Wister is located in central Le Flore County and in the northern portion of the Ouachita National Forest near Lake Wister, which the U.S. Army Corps of Engineers created between 1946 and 1949. U.S. Highways 270 and 271 pass through the town. McAlester is located fifty-five miles almost due west, and the Oklahoma-Arkansas border lies twenty miles east of Wister.
Within a few decades of the 1830s Choctaw removal from Mississippi to Indian Territory, the population in the future Le Flore County area had greatly increased. By the second half of the nineteenth century the Choctaw and the whites who joined them had developed an economy that required railroad services. In 1866, after the Civil War, a treaty between the Choctaw Nation and the federal government permitted railroads to build through the territory. They became an integral part of the economy, transporting coal, timber, livestock, farming, and other products, as well as passengers.
The Post Office Department designated a Wister post office on June 30, 1890. The town is a namesake of Gutman G. Wister, an official of the now defunct Choctaw, Oklahoma and Gulf Railroad. The town existed before the post office. In 1886 a hotel and other buildings in the vicinity served workers building the Fort Smith and Southern Railway (soon purchased by the St. Louis and San Francisco Railway) through the vicinity. From 1889–90 the Choctaw, Oklahoma and Gulf Railroad (leased to the Chicago, Rock Island and Pacific Railway in 1904) laid tracks from Wister to McAlester and in 1898 from Wister to Howe. The circumstances of Wister's establishment were similar to those of most Le Flore County towns fortunate enough to have a railroad.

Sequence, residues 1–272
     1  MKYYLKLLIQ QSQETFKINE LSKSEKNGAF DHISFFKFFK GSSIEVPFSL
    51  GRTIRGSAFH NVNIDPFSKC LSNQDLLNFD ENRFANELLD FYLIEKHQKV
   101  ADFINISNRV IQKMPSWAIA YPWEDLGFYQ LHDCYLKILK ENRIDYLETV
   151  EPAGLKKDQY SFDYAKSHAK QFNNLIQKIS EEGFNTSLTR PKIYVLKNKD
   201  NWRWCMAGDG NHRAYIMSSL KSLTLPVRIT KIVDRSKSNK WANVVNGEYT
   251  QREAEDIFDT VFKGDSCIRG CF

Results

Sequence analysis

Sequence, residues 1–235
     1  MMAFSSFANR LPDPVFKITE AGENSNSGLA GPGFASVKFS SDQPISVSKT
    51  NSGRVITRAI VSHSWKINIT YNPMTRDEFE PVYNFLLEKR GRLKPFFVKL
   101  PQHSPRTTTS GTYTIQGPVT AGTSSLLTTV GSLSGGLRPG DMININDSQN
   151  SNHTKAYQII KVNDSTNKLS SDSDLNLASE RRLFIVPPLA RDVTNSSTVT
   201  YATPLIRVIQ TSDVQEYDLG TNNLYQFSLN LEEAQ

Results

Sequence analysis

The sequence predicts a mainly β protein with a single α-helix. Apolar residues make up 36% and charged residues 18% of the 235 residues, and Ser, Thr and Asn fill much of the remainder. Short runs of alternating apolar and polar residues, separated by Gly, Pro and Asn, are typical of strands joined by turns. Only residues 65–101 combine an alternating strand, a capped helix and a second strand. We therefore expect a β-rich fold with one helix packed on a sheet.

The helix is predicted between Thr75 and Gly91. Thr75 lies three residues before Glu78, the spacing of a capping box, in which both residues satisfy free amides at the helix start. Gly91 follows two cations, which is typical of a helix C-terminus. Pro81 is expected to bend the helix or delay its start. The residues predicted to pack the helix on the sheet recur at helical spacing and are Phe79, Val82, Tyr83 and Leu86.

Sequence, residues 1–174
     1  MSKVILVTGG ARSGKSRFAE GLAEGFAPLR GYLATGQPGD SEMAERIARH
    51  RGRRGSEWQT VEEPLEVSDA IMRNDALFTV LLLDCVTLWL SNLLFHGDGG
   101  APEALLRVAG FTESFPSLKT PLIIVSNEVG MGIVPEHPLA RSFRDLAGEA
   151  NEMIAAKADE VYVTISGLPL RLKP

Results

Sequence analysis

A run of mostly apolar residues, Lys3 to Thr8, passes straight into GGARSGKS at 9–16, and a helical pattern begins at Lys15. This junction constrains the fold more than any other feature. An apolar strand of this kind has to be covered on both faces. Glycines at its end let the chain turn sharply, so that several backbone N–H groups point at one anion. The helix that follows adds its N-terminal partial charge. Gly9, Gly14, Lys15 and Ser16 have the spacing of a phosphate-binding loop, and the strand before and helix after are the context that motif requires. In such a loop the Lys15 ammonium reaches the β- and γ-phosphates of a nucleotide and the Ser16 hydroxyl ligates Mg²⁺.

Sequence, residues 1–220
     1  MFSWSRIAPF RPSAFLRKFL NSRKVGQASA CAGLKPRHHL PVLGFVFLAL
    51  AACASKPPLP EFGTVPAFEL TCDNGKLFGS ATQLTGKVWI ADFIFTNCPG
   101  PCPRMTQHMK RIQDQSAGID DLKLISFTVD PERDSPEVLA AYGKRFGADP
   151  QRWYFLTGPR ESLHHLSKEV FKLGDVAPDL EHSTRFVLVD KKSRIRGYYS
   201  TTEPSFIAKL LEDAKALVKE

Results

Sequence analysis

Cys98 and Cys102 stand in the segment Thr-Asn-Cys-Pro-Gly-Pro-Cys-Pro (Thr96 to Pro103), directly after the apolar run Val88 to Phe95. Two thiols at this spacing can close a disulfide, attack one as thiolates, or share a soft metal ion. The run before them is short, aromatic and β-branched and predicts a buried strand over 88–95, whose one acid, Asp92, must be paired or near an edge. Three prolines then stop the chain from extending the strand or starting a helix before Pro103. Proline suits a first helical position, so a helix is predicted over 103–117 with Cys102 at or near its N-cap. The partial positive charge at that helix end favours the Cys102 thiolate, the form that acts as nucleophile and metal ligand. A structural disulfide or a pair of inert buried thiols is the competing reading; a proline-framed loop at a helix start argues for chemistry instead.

In 1900 the population was 313, and it climbed to 498 in 1910. In 1911 the town had a bank, a cotton gin, a gristmill, a sawmill, a hotel, and several retail outlets. The New Era, the Wister News, the Wister Record, and the Wister Informer have reported the local news. By 1930 the population stood at 761, and the town still had a cotton gin, a gristmill, and a sawmill. The coal and timber industries supported the area's economy throughout most of the twentieth century. In 1950 the population was 729, but it declined to 592 in 1960 before resurging to 927 in 1970. One hundred years after Wister's first post office opened, the population stood at 956 in 1990. In 2000 the population was 1,002, and the school district enrolled 525 students from prekindergarten through high school. The population increased to 1,102 in 2010.
See also: SETTLEMENT PATTERNS
Henry L. Peck, The Proud Heritage of LeFlore County: A History of an Oklahoma County (Van Buren, Ark.: Press Argus, 1963).
Sarah Singleton Spears, Yesterday Revisited: An Illustrated History of LeFlore County (Poteau, Okla.: Poteau Daily News and Sun, 1991).
The following (as per The Chicago Manual of Style, 17th edition) is the preferred citation for articles:
Harold Crain, “Wister,” The Encyclopedia of Oklahoma History and Culture, https://www.okhistory.org/publications/enc/entry?entry=WI031.
© Oklahoma Historical Society.